Thursday, May 31, 2007

Government bans launch of book on Pakistan military's business interests

Pakistani author defies govt with military book
(Reuters)- 31 May 2007

ISLAMABAD - A Pakistani analyst launched her book on the military’s penetration of the economy on Thursday after she and her publisher said they were forced to change the venue at the last minute due to government pressure.

The book by Ayesha Siddiqa, a political analyst and former director of research at the Pakistan navy, tackles the virtually taboo subject of the military’s huge business empire, which she estimates is worth $10 billion.

Siddiqa had to cancel the planned launch at the capital’s top private club, the Islamabad Club, and had to scramble to find an alternative venue.

She later said while writing the book, many of her friends had tried to warn her off the sensitive subject.

“What has happened to the launch today bears witness to the fact that my friends’ apprehensions were correct,” she told the launch, held in a crowded office of a non-governmental group.

“Not only was the Islamabad Club told to cancel the reservation but all hotels in Islamabad were yesterday told not to give their halls,” she said.

She said the instructions to venues not to host the launch had been issued by the Ministry of Interior. But Interior Minister Aftab Ahmed Khan Sherpao and Information Minister Mohammad Ali Durrani said they were not aware of any ban.

The Pakistani military has ruled the country for more than half its history since it was carved out of British-ruled India as a home for Muslims in 1947.

The book’s publication comes at a sensitive time with a campaign for the restoration of full democracy gathering pace since President Pervez Musharraf, who is also army chief, tried to dismiss the country’s top judge in March.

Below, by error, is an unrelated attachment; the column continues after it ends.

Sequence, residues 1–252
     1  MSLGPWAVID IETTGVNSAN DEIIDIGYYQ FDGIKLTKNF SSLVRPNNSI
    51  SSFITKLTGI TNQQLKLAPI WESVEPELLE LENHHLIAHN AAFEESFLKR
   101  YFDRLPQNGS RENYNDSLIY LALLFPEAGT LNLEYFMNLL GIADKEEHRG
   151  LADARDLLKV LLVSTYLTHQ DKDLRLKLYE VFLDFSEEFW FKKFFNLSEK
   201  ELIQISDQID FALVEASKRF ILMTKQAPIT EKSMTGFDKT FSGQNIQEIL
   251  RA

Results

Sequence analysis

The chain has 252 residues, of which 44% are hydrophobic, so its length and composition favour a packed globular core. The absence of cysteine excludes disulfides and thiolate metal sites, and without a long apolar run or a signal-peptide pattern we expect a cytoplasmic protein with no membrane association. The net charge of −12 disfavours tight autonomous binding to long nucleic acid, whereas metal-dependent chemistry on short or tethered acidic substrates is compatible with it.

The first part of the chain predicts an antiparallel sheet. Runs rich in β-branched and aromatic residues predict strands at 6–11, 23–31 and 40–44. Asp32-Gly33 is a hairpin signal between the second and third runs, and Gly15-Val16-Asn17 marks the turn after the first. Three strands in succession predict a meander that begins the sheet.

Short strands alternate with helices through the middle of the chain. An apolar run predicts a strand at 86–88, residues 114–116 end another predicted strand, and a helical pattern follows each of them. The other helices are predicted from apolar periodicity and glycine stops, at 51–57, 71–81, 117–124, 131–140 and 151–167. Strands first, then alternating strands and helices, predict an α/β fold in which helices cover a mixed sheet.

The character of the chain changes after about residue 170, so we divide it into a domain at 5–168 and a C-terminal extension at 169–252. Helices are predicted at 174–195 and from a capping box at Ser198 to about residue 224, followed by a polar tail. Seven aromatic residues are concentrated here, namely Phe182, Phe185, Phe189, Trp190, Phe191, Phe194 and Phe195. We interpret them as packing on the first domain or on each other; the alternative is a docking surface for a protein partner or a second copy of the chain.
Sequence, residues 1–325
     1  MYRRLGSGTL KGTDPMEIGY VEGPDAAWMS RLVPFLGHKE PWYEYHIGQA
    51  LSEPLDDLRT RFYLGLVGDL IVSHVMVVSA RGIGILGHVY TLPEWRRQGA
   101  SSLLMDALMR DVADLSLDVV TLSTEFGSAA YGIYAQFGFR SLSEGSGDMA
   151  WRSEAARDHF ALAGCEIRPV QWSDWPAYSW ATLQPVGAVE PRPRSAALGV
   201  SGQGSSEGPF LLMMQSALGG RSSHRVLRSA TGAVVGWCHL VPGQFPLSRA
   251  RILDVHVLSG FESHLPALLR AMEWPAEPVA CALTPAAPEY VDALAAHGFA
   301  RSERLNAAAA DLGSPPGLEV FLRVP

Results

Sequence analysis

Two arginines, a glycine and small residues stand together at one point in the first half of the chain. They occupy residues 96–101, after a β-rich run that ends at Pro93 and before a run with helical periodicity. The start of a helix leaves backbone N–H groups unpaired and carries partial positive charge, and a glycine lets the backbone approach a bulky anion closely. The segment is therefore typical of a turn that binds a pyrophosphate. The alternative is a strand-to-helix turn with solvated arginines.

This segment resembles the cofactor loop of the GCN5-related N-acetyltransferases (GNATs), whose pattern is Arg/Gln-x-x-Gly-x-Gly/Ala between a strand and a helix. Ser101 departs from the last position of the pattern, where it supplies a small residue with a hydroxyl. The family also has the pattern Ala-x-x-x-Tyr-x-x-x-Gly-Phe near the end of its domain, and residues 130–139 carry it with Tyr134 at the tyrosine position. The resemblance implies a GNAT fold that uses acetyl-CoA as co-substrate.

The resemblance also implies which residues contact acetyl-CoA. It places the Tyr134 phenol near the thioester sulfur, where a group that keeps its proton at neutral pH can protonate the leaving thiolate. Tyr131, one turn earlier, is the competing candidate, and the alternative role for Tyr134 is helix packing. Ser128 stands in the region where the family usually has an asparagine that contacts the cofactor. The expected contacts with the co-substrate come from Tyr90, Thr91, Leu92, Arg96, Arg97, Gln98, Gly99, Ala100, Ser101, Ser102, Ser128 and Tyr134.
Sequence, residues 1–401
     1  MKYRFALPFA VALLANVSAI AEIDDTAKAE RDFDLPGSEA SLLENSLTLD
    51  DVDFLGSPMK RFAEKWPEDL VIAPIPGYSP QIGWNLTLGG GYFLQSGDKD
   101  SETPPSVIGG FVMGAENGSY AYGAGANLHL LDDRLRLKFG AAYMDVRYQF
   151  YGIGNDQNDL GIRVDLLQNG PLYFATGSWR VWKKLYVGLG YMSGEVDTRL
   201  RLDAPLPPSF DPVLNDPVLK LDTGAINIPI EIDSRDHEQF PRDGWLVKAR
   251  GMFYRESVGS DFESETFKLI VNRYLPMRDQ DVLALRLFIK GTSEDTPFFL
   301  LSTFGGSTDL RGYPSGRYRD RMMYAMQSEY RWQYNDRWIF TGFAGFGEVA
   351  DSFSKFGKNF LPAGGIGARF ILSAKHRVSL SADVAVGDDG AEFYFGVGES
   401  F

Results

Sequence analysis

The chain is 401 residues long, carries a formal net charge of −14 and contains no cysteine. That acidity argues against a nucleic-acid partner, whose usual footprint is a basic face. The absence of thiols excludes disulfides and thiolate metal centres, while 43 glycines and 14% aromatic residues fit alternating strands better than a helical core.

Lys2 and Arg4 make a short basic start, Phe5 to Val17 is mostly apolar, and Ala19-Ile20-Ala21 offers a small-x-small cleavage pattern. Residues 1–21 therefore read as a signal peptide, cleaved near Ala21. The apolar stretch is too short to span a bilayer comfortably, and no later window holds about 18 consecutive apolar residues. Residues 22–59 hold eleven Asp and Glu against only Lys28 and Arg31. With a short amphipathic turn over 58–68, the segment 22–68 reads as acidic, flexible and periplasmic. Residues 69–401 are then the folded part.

Supporters of the suspended chief justice bitterly criticised the military at a televised lawyers’ seminar on the weekend and the government has filed a legal complaint in response.

Speaking before the launch, Siddiqa said the military owned hundreds of businesses across the country, many run by five big conglomerates, and it also owns 12 million acres (4.8 million hectares) of land.

“Not about criticising”

The business empire, much of which Siddiqa said was inefficient and run virtually without any transparency or accountability, underpinned the military’s political power, she said.

“Basically, it’s about penetrating society and its economy. The financial economy is essentially a part of political power,” she said.

But Siddiqa said her book was not intended as an attack on the military. “This is not about criticising the military, this is about bringing improvement to it,” she said.

Pakistan’s main military spokesman was not immediately available for comment.

The state-run APP news agency put out a report on Wednesday citing unidentified analysts as saying the book was “a plethora of misleading and concocted stories” aimed at giving the military a bad name and creating a rift with the civil sector.

The agency appeared to question Siddiqa’s patriotism by saying she was a frequent visitor to arch rival India. It also said she had quoted wrong figures at least 250 times in the book.

Asked about the news agency report, Siddiqa said: “I think they haven’t even read the book.”

For a glimpse of Ayesha's work, click here

No comments: